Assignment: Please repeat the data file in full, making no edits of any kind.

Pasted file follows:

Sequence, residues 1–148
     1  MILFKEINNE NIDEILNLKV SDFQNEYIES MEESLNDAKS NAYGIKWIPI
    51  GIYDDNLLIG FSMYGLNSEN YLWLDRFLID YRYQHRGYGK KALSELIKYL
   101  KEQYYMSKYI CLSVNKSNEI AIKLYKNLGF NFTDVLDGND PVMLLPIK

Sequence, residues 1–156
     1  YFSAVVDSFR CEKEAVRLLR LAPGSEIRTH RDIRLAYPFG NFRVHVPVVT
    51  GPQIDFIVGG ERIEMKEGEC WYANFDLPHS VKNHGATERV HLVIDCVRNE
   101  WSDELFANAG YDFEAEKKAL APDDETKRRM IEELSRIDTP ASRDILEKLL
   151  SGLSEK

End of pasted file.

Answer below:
Sequence, residues 1–148
     1  MILFKEINNE NIDEILNLKV SDFQNEYIES MEESLNDAKS NAYGIKWIPI
    51  GIYDDNLLIG FSMYGLNSEN YLWLDRFLID YRYQHRGYGK KALSELIKYL
   101  KEQYYMSKYI CLSVNKSNEI AIKLYKNLGF NFTDVLDGND PVMLLPIK

Sequence, residues 1–156
     1  YFSAVVDSFR CEKEAVRLLR LAPGSEIRTH RDIRLAYPFG NFRVHVPVVT
    51  GPQIDFIVGG ERIEMKEGEC WYANFDLPHS VKNHGATERV HLVIDCVRNE
   101  WSDELFANAG YDFEAEKKAL APDDETKRRM IEELSRIDTP ASRDILEKLL
   151  SGLSEK